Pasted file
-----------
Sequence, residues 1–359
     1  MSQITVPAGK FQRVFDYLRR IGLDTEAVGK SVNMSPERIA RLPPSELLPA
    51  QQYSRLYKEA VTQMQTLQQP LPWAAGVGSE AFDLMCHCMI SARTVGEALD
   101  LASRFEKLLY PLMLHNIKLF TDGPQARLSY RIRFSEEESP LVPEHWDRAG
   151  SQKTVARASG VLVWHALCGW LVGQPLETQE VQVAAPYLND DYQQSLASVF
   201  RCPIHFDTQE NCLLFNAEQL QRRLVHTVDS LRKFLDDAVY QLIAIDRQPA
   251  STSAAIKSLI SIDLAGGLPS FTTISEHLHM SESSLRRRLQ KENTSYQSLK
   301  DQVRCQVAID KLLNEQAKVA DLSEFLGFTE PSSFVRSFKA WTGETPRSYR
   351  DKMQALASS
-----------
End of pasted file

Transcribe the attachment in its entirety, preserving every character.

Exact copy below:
Sequence, residues 1–359
     1  MSQITVPAGK FQRVFDYLRR IGLDTEAVGK SVNMSPERIA RLPPSELLPA
    51  QQYSRLYKEA VTQMQTLQQP LPWAAGVGSE AFDLMCHCMI SARTVGEALD
   101  LASRFEKLLY PLMLHNIKLF TDGPQARLSY RIRFSEEESP LVPEHWDRAG
   151  SQKTVARASG VLVWHALCGW LVGQPLETQE VQVAAPYLND DYQQSLASVF
   201  RCPIHFDTQE NCLLFNAEQL QRRLVHTVDS LRKFLDDAVY QLIAIDRQPA
   251  STSAAIKSLI SIDLAGGLPS FTTISEHLHM SESSLRRRLQ KENTSYQSLK
   301  DQVRCQVAID KLLNEQAKVA DLSEFLGFTE PSSFVRSFKA WTGETPRSYR
   351  DKMQALASS